Although much focus has been on the identification and treatment of mental illness and substance abuse disorders, less progress has been made in the area of prevention – perhaps in part due to the difficulty in measuring the effects of such efforts. Certainly public awareness, achieved through education on these issues, might go a long way in reducing stigma and supporting a culture of sensitivity. In this vein, Mental Health First Aid, a program operating under the auspices of the ORYGEN Research Center at the University of Melbourne, Australia, runs a 12 hour course designed to provide the public with the skills to help someone who is developing or experiencing mental health issues. Participants in the course learn about risk factors and warning signs for mental health issues, engage in experiential activities that build an understanding of the impact of illness on individuals and families, and are presented with evidence-supported treatment and self-help strategies.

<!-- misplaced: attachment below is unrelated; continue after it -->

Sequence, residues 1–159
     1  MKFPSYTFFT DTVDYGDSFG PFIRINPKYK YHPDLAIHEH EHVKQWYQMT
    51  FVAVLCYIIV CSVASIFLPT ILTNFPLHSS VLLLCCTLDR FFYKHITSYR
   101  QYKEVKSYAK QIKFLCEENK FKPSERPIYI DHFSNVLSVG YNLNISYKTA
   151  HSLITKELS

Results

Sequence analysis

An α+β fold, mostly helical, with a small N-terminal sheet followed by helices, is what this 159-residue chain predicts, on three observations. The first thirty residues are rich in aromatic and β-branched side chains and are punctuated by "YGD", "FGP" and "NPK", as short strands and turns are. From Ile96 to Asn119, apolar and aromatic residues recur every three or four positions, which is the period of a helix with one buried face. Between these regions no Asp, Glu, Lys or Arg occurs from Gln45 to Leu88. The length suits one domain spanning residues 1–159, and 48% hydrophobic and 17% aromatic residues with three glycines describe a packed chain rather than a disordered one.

Mental Health First Aid has been replicated in a number of countries. The National Council for Community Behavioral Healthcare, the Maryland State Department of Health and Mental Hygiene, and the Missouri Department of Mental Health have collaborated with the program’s founders to bring the program to the U.S. Five published studies in Australia show that the program “saves lives, improves the mental health of the individual administering care and the one receiving it, expands knowledge of mental illnesses and their treatments, increases the services provided and reduces overall stigma by improving mental health literacy.”
To find more information about courses near you, news and updates, becoming an instructor, and viewing Webinars, see the Mental Health First Aid USA website here.